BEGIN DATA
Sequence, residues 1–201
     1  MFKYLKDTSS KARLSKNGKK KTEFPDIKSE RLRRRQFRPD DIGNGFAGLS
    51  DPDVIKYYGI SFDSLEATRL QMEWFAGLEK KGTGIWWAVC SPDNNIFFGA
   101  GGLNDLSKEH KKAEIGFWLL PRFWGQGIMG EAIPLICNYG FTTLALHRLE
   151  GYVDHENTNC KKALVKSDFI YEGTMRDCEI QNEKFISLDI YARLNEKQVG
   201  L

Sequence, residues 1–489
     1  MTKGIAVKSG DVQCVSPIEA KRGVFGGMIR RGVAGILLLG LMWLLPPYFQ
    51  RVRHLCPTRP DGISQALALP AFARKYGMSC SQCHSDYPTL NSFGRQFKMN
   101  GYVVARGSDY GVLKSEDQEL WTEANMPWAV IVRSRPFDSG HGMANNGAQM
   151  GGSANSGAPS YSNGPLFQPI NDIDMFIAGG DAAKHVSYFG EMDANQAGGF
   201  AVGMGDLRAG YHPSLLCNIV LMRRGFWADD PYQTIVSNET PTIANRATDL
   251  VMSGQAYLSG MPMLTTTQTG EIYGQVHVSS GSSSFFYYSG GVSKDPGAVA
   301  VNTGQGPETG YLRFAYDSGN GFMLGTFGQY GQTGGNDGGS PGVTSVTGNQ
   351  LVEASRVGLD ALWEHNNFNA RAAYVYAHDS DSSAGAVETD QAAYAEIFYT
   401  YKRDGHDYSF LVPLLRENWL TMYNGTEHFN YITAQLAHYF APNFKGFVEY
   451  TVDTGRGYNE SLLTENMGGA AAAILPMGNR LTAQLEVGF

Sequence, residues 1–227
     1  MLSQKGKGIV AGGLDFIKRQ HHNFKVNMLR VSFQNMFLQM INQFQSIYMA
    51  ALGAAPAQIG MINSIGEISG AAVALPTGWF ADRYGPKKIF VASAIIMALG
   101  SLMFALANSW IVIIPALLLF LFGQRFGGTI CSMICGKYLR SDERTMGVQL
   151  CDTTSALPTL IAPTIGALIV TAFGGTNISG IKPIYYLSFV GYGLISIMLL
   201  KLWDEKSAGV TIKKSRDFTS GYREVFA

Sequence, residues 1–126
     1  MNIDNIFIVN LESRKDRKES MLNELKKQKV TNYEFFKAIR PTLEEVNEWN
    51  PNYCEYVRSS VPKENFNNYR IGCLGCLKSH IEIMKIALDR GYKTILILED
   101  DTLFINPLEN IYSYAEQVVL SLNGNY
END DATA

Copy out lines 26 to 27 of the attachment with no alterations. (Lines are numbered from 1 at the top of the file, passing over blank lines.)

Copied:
    51  PNYCEYVRSS VPKENFNNYR IGCLGCLKSH IEIMKIALDR GYKTILILED
   101  DTLFINPLEN IYSYAEQVVL SLNGNY